I’m writing this article- you’re reading it. Thanks to something called consciousness.
Some postulate that consciousness is fundamental, like gravity. (credit: David Chalmers)
In that case, is consciousness older than language? Lets examine what experts have said.
No discussion on consciousness, can be complete without a mention of Julian Jaynes, who said that that the human brain, until very recently (~3000 years ago) was truly split into very distinct hemispheres: the left half allowed a person to function in day-to-day routine matters; the right side came into play under stress, providing guidance through hallucinated voices, usually those of authority figures, alive or dead leaders, or gods.
People were not self-conscious, and operated almost as automatons in responding to the hallucinated voices. This phenomenon provided social stability, order, and safety in ancient societies.
Many experts argue against this today.
For instance, did homo habilis, who created tools, gesture to a fellow homo habilis to pass it to him?
And if yes, did that act demand consciousness? Possibly.
Considering that consciousness goes to sleep when we go to sleep, and awakens when we get up, isn’t consciousness much older than 3000 years? Walker and Stickold (2004) postulated that there is strong evidence that that sleep enhances or assists learning. Hence, sleep was an important part of evolution itself.
In that case, what went to sleep, when early homo went to sleep? Surely, it was their consciousness that went to sleep (even if it was not as evolved as we understand it today)
Earlier in this blog, we have surmised that somewhere between 90000 years ago and 40000 years ago, speech made its first appearance. Modern language is a much more evolved phenomenon, while sound and sign language could date 4mn years ago.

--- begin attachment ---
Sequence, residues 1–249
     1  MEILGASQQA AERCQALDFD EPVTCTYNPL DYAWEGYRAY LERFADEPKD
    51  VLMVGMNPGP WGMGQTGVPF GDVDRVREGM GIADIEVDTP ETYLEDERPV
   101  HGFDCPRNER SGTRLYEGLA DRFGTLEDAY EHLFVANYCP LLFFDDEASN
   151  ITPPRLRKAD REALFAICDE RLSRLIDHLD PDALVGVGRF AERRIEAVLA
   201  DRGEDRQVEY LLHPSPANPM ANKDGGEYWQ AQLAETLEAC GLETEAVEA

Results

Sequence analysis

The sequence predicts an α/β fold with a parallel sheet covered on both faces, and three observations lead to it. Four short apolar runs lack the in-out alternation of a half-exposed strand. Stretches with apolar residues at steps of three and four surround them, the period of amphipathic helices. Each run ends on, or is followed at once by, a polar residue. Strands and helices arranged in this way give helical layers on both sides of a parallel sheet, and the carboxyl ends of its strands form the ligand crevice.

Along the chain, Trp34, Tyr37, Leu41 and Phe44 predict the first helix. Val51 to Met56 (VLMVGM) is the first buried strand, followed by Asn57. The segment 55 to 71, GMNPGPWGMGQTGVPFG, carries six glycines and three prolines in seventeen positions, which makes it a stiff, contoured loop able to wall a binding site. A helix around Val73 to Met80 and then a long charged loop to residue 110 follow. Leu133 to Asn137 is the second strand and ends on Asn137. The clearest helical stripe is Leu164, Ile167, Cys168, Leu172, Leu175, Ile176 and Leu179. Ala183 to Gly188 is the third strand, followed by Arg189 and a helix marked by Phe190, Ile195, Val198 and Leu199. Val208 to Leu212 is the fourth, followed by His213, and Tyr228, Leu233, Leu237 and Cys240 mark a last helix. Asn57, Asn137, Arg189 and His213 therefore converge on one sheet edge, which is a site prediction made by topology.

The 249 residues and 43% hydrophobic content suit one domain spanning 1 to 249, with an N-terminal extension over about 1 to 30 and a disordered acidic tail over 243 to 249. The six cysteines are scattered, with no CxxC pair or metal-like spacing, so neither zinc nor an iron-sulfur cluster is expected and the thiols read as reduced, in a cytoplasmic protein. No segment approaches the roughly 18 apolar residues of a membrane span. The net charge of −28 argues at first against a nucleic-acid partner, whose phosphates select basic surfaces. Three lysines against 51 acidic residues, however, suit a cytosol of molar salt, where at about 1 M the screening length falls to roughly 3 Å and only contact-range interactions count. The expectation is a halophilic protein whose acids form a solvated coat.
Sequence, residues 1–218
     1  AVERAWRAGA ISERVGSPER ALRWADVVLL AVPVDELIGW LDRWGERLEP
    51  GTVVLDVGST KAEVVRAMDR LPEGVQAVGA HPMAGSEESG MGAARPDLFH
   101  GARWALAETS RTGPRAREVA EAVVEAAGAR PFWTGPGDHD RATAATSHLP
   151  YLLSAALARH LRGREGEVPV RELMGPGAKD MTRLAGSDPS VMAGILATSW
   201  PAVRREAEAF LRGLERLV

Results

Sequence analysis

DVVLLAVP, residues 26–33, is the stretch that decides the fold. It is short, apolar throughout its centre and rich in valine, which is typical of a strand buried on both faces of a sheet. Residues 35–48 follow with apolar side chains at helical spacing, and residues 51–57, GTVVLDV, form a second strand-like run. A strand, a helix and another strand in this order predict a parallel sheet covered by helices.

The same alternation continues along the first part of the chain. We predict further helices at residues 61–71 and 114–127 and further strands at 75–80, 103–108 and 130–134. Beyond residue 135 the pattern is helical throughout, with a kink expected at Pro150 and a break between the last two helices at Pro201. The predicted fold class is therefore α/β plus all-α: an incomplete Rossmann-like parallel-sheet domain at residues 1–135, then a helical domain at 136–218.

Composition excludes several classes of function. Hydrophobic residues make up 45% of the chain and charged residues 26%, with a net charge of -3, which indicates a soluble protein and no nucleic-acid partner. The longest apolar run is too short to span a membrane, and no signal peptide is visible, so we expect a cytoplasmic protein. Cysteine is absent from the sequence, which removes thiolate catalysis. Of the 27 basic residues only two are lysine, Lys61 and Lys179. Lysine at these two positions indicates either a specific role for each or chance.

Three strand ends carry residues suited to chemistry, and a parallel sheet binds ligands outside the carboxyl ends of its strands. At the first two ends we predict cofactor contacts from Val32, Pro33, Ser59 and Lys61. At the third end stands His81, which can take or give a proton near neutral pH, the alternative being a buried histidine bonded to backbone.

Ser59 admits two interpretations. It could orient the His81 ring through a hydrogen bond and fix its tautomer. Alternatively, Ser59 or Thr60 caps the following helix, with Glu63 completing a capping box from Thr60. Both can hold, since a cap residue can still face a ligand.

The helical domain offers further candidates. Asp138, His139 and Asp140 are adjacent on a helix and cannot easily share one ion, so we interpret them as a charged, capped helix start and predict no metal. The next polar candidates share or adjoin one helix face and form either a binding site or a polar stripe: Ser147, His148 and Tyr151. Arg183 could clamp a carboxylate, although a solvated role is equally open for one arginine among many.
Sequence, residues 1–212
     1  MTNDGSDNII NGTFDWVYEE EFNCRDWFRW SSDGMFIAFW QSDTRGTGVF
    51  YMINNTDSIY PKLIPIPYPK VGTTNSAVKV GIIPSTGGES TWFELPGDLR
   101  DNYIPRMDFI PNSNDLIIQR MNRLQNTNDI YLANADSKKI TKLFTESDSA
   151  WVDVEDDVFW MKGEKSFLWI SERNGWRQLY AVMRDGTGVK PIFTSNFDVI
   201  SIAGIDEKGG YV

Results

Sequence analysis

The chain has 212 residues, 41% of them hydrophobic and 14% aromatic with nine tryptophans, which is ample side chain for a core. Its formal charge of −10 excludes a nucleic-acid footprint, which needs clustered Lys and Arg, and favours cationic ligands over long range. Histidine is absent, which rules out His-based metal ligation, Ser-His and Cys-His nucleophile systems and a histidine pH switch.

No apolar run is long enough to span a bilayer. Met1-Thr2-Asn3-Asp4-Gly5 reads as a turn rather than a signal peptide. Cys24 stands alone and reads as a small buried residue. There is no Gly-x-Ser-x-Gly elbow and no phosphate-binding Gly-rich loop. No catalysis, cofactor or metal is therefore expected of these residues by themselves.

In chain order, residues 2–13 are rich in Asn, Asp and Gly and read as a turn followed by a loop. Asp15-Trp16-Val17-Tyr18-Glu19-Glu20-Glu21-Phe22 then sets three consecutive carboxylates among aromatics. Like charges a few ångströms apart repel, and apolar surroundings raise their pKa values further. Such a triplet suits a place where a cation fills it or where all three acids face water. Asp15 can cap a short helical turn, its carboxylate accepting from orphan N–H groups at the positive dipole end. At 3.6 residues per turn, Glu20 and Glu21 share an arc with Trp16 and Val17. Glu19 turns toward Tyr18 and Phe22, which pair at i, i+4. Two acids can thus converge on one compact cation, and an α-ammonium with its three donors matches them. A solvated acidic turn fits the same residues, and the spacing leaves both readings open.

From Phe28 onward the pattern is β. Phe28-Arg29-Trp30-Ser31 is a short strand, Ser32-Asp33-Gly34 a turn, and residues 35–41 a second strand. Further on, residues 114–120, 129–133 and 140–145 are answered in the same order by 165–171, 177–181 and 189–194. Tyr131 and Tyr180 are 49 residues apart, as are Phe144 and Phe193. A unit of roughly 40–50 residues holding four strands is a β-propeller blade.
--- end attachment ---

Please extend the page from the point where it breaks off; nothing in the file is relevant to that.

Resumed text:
We needed consciousness to speak and gesture coherently.
Much of archaeological evidence has emerged after Jaynes published his theory. Hence, probably in relative terms, we can describe consciousness more accurately today. Chances are, logically, that more evidence will create better understanding in the future.
Our brains have a lot of similarities with those of our ancestors going back 40,000 years. It seems highly probable that consciousness co-evolved with brains as a successful survival strategy.
For instance, consciousness and communication would’ve been be critical to helping groups of homo sapiens to coordinate and survive great climactic changes.
My theory of consciousness is, that as each sense evolved, sight, touch, smell, hearing and speech, consciousness evolved in tandem with it, gradually, as a combination of all of the above. Consciousness is the glue that connects the meaning of all the other senses.
I also believe that consciousness evolves at a faster pace than the other senses. Ironically, it’s the other senses, that are helping consciousness evolve faster.
We adapt, accept and conceive things that do not exist, not because of sight, smell, taste, touch or speech alone, but thanks to our imagination.
I am sure everyone would agree that imagination definitely falls into the realm of what we call “conscious understanding of current surroundings and future possibilities.”
So I argue, further that consciousness, like energy, cannot be seen. This is logical. Borrowing some lines from David Christians brilliant Ted talk, “history of the world in 18 minutes”, we know that
- The universe began 13.7 billions ago. There was no time and no space.
- First energy congealed to form matter.
- Floating hydrogen and helium atoms, compacted by gravity, gave us stars.
- The solar system was formed 4.5 billion years ago. The universe gained chemical complexity. Then there were planets, with water in it.
- We definitely have carbon, and other exotic combinations between elements, to thank for all the living beings we have today.
So far, so good. Energy was the starting point. So is consciousness, like energy, also 13.7 billion years old?
Unlikely. Consciousness has been described as the state of being awake and aware of what is happening around you, and of having a sense of self.
This could be more easily applied to living beings- and perhaps modern day machines too?
So perhaps, we need to put a date to the first “conscious” act. Is “motion” the first conscious act? Moving towards something- food for instance?
If yes, then consciousness is definitely much older than we think it is today.
More thoughts soon!